Morocco Taghia - Part 1: Travel, People and Landscape

I've just returned from a trip to Taghia in the Moroccan Atlas Mountains. This was a trip I had been looking forward to for a long time. Not just because I'd heard stories of a stunning 800m big wall limestone climbing oasis but also for the experience of travelling to Morocco. This has been the first time I've travelled outside of Europe, and even though Morocco is only a short hop from Spain the experience is very different.

We started the trip by flying into Marrakesh. Our first point of call was the market in the central square to purchase supplies of dried fruit and nuts to take with us to Taghia. 'Hectic chaos' I think are the words that best describe the market in the central square. There was no shortage of stalls selling all sorts of food and drink items from meat to snails, freshly squeezed orange juice, spicy tea as well as many crafts items. Luckily the price of food items seemed to be the only thing that you don't have to barter for. Everything thing else, including taxis, requires some stressful bartering, having some idea of how much something is really worth and what the exchange rate is (1 GBP = 13.7 MAD) helps a lot as the initial price offered is no indicator as to what should be paid. Walking around Marrakesh you can't help but notice the reality of being a wealthy tourist in a much poorer country.

Plenty of choice of olives, and all very much cheaper than in the UK

Epic fruit and nut selection! 

The further we travelled from Marrakesh up into the mountains the slower the pace of life around us became. 

Village we passed on route to Zaouiat which is the last village at the end of the mountain dirt road

We soon learnt that nothing happens quickly, a bus or taxi will leave when it's full, this takes as long as it takes. Sweet mint tea, Berber whiskey as it's nicknamed, is drank often and regularly at any time of day, always poured from a slender spouted metal teapot held at height into an espresso sized glass cup.

'Berber Whiskey' Sweet Moroccan mint tea

It took us two days to get from Marrakesh to Taghia, on the first day we got a shared taxi to Azilal then a local bus (over loaded minivan) up the mountain dirt road to Zaouiat Ahansal. This is as far as the road goes, since we left Marrakesh late we stayed a night in a gite in Zaouiat then walked up to Taghia with a donkey helping to carry our bags the next day. It would easily be possible to do the journey in one day if we had left Marrakesh sooner or took a shared taxi all the way to Zaouiat.

Zaouiat Ahansal

I took pity on the donkeys and carried a heavy sack on my back, however this donkey who was carrying the bags of another party was no so lucky

Walking up to Taghia with our 'taxis of the mountains'

For the two weeks we were in Taghia we stayed in Gite Said with about 20 other climbers. The gite is simple and comfortable with electricity and a warm shower. Said and his family are local Berber Taghia inhabitants and are very welcoming. The gite cost 120 MAD per night including a breakfast of bread, jam and occasionally crepe pancakes and a tasty evening meal of cous-cous, tagine or pasta  with some vegetables, olives and various types of meat served in a big communal bowl; quite amazing considering most food is brought up on the back of a donkey!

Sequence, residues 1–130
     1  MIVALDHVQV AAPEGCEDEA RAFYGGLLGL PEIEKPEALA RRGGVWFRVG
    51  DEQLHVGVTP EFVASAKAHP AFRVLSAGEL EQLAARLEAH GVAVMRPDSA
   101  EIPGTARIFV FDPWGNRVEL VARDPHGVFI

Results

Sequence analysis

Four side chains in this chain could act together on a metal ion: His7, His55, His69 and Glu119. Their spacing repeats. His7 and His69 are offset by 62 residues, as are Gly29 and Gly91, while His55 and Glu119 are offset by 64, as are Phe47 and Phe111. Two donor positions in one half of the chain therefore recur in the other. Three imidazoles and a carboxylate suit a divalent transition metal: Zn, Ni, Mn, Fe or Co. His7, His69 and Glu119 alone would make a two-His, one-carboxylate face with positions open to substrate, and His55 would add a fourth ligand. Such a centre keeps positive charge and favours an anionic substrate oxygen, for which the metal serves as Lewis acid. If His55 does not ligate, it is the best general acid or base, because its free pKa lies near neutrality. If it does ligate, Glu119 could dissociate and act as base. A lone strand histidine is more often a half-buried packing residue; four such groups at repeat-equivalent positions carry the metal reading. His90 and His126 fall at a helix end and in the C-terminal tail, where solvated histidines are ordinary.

Gite Said in Taghia

Rest day team omelet!

Taghia village is beautiful, it's a real little oasis blessed with plentiful fresh spring water which spurts out from the bottom of the mountain. The water is fed by an ingenious network of irrigation troughs to water the crops which are grown all around the village. Last year Sophie and Luke put the effort into translate the Taghia guidebook introduction from French, so here is Christian Ravier's excellent description of Taghia:  

 Christian Ravier's excellent description of Taghia transalted from the guidebook

Berber are the indigenous mountain folk in Morocco, they speak Berber which sounds very different (more soft tones) than the Arabic which is spoken in Marrakesh. The younger generations are also able to speak a little bit of French and Arabic. 

Village Children - Thanks to Goisa for the photo

Village donkey doing some light work for a change - thanks Goisa for the photo

Village Children - Thanks to Goisa for the photo

The Berbers in Taghia farm the land and look after herds of goats, sheep and cows. All over the mountains 'Berber bridges' can be found, built to to aid the movement of people and livestock over tricky sections. Some are very impressive indeed:

Very impressive 'Berber Bridge' walkway!

We found the local Berbers to be unbelievably friendly and welcoming. Once when we were stumbling down through the small remote village of Tamdarote below Taghia we accidentally ended up wandering through the back yard of one of the houses. We were greeted by a friendly woman who offered us some tea, even though we could not speak a world of Berber and she could not speak a word of French let alone English we managed to understand each other. We sat next to her two kittens and pet kid (baby goat) as she made us some super tasty fresh mint sweet tea and some brown flat bread straight from a wood fired mud oven served with a little bowl of olive oil to dip. 

Village of Tamdarote, between Zaouiat and Taghia

Living room

We must have timed our visit perfectly as she was just in the process of making a large quantity (probably a weeks worth) of bread. This was the best bread we had all trip, wholemeal and as fresh at it gets! It was fascinating to watch her stoke the fire and skilfully bake the bread in her clay oven sheltered under a sheet of corrugated Iron (actually a tail-board from an old Toyota pickup!).

Bread baking
Many routes in Taghia start from impressively deep water worn gorges 

Green oasis of Taghia

Panorama from a ridge looking down on Taghia and across to the mountains